Six dancers stand at attention at the back of the stage, wearing combat boots and army green. Another dancer stands at the front of the stage, shirtless, mining a weapon as the United States Marine Rifleman’s Creed is read aloud, while behind him his antagonist waits. The dancers breathe—gut-heaving exhalations—to provide a rhythmic background; then echoing bagpipes take over.
The military theme of Wynn Fricke’s “Lament” might drag into travesty, but Fricke is smarter and purer of purpose than that. The surprisingly poetic creed, read at the beginning, starts a seed in the audience’s mind: that though war is a horror, the men and women who fight it are honorable, and they, like artists, train daily to be better—more physically fit, yes, but also braver, wiser, more responsible.
The soldier at the front of the stage (Samuel Feipel) and his double at the back (Nick Strafaccia) slowly begin to dance together, winding, leaping, lifting and pushing each other, the light shining on their bodies. Without warning they speed up, and what was dance and caress becomes battle. With this simple dance, Fricke puts the loss before you: that such training, such nobility, should go into killing and dying, that this nobility lives on both sides of the fighting, that war feeds on human beauty.
Fricke’s “Two Fridas” takes an entirely different subject—the broken life of Frida Kahlo, her ambition and passion bound by her time, her body—but with the same sure purpose. One Frida—Mary Ann Bradley—is earthbound, strong, and desperate, the real woman, the living and dying woman, while the other—Jennifer Hart—is ethereal, weak, and dreamy, the artist, the one who must be born and borne up. Sometimes Hart winds around Bradley in seeming levitation, Bradley lifting her without strain, without holding her; sometimes their encounter is ritual combat, one needing to suffer for the life of the other. Hart reaches out from between Bradley’s legs and Bradley yanks her forward into the world, her unwelcome but necessary child.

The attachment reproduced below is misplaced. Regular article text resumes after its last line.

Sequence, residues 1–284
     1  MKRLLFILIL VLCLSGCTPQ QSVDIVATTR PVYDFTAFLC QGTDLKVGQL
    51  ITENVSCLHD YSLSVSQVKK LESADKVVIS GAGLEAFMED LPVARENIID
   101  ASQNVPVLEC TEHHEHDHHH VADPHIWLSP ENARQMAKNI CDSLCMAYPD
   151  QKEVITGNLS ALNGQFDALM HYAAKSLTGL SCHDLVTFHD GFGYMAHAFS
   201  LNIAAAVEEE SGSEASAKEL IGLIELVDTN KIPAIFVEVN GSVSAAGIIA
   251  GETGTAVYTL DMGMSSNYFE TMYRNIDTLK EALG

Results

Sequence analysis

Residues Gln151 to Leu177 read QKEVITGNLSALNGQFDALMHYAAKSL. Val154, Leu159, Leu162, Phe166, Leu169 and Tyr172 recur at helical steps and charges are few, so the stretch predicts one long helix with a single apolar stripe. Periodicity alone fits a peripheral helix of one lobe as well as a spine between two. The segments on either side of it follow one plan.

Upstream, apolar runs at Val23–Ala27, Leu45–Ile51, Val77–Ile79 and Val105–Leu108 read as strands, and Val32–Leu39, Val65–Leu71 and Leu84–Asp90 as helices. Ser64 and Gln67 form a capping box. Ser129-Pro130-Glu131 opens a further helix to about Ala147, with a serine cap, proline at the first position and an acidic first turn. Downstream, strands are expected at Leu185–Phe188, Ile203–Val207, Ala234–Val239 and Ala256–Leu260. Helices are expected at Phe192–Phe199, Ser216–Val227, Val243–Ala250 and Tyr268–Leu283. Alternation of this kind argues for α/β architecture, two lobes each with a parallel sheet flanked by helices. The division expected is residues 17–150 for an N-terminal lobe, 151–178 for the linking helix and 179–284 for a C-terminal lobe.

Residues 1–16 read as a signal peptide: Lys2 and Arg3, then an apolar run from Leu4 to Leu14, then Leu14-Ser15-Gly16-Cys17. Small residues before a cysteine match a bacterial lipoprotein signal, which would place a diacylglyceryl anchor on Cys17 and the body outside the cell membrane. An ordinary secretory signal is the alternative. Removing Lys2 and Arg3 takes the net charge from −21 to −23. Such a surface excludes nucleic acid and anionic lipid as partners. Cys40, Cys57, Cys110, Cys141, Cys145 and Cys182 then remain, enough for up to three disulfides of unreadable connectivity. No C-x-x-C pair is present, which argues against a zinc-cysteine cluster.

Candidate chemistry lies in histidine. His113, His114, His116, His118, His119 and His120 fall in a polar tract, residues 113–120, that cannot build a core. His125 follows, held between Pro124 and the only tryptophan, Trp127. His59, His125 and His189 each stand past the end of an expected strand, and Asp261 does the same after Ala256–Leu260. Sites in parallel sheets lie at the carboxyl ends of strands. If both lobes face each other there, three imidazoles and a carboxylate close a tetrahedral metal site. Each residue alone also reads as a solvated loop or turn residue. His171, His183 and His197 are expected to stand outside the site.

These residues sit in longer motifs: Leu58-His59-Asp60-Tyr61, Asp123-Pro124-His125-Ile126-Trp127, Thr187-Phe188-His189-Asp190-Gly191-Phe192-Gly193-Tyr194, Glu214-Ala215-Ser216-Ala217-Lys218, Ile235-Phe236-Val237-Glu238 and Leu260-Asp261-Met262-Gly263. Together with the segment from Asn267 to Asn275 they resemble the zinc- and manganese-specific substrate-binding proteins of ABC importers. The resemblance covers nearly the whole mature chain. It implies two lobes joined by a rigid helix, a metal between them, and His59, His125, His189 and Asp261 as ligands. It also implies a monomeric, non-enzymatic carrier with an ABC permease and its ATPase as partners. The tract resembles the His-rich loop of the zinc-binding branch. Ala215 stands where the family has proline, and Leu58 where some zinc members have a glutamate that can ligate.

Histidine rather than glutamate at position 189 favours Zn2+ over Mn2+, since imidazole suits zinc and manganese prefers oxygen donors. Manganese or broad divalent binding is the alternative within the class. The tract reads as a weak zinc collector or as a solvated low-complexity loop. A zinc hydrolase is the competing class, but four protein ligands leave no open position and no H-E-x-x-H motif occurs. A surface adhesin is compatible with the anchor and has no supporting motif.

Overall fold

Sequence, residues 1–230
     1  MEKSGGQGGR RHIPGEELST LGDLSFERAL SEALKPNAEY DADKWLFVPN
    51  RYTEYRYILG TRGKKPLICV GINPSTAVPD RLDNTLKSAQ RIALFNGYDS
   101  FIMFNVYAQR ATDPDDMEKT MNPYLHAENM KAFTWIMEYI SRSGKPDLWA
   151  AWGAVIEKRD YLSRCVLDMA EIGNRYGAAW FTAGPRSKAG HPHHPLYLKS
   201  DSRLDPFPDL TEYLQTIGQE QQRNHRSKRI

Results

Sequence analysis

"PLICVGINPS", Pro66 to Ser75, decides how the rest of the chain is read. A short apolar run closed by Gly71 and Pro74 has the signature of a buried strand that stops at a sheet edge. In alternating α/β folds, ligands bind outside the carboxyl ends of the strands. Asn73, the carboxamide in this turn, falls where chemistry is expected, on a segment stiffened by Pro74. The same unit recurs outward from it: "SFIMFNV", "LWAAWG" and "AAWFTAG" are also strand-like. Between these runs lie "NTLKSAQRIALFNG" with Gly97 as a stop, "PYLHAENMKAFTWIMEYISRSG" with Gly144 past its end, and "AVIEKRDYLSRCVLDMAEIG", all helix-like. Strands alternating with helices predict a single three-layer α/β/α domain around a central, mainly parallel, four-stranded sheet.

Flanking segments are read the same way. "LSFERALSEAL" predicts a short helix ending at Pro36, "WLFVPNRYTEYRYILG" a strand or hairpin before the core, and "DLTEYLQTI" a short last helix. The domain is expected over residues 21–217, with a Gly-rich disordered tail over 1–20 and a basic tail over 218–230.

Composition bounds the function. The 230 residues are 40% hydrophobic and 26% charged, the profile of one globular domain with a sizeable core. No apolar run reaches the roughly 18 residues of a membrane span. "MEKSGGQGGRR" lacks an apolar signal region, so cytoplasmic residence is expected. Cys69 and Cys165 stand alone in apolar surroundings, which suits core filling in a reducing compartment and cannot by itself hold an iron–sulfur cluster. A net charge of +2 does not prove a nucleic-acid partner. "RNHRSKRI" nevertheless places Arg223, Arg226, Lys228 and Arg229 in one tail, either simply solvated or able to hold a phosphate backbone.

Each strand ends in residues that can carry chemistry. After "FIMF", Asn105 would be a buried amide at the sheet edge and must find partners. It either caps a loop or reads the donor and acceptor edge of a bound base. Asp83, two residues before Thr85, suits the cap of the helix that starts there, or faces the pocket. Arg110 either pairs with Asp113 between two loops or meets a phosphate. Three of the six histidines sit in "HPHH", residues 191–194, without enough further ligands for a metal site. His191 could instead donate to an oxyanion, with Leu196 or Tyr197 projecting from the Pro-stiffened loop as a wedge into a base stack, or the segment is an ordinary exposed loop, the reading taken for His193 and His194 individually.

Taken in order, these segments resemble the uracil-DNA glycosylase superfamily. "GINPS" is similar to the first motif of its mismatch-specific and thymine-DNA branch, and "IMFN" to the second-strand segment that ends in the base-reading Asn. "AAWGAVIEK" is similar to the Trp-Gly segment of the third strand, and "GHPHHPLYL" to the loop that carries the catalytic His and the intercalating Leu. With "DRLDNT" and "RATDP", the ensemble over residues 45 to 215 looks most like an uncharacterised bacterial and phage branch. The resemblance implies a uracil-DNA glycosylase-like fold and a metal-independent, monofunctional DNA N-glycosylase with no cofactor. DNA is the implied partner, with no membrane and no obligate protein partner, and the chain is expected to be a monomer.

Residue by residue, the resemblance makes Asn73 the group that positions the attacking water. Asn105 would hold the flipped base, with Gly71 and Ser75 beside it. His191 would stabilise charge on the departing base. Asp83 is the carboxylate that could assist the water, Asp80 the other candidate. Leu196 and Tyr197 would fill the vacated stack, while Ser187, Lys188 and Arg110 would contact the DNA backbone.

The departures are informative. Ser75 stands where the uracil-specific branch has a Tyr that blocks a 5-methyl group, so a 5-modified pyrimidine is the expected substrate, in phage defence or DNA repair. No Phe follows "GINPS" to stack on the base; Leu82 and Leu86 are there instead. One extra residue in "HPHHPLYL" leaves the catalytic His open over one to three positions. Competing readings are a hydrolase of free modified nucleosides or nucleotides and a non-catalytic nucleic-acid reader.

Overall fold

Freed for a moment from her burden, Bradley leaps while her other half lies crumpled on the stage. Later, the two women sit on the bench, apart, and you want them to reconcile, but this would not be true, and Fricke ends the dance in fatal separation. Here, as in “Lament,” Fricke isn’t telling a story through dance, translating an idea into dance, but finding the dance at the center of the moment. “Lament” and “Two Fridas” are disturbing, shapeless dances—shapeless and disturbing as life. Devoid of artifice, pretense, or humor, the dances go like arrows. They are wounding, and the wound cannot be translated.
Fricke’s “Upturned Jewel” (a premier, as is “Lament”) takes a sort of communal happiness for its basic premise, and like much art concerned with happiness, “Jewel” leaves little behind. Fricke’s art is religious: her dances hold us up in the midst of that which defines us, our human suffering. “Jewel,” while sometimes delightful, doesn’t rise to the poignancy of “Lament” or “Two Fridas.”
Two other dances round out Minnesota Dance Theatre’s fall concert. Gioconda Barbuto’s clever “One Fell Swoop” solves a frequent problem in modern ballet by making the awkward moments between steps steps in themselves. Lise Houlton’s moody, enigmatic “A Piece, A Chord” makes more sense once you know that it is a post-9/11 piece, its repeated movements not building to a climax but attempting by their repetition to soothe, to create meaning. This brings us back to “Lament”: a body of artwork is beginning to come from the current conflagration, artwork notable for its quiet humanity, its mature grief.
The dancers are lovely. Their sheer skill and physical beauty—Melanie Verna’s expert yet luxurious legwork, Raina Gilliland’s extravagant feet, Nick Strafaccia’s pure leaps—feel like gifts. A few dancers transcend skill and beauty and offer more: Mary Ann Bradley invests her Frida with surprising fury, while Jennifer Hart brings openness to every piece she’s in, becoming transparent, a body the audience can inhabit. Samuel Feipel, meanwhile, has found the music inside the music, and his joyful dancing makes the viewer laugh in surprise. Kris Broderson lights the evening in Easter-egg bright colors that shine lovingly over all.